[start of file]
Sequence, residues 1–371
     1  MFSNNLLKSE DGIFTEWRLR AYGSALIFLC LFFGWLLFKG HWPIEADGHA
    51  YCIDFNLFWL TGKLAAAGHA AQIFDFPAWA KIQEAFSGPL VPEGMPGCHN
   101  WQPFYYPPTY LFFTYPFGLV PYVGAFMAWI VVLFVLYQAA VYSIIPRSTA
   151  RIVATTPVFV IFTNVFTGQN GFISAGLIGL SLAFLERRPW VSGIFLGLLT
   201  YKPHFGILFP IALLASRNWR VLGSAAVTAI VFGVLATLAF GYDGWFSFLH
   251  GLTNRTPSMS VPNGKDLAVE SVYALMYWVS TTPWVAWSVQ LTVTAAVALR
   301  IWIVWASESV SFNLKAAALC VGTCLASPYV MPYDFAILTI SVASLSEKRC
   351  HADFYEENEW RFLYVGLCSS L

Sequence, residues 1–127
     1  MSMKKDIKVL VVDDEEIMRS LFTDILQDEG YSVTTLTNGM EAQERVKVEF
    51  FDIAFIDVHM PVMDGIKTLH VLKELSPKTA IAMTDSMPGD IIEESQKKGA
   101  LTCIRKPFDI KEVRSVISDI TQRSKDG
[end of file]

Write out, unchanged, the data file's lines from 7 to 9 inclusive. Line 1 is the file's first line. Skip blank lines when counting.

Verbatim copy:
   251  GLTNRTPSMS VPNGKDLAVE SVYALMYWVS TTPWVAWSVQ LTVTAAVALR
   301  IWIVWASESV SFNLKAAALC VGTCLASPYV MPYDFAILTI SVASLSEKRC
   351  HADFYEENEW RFLYVGLCSS L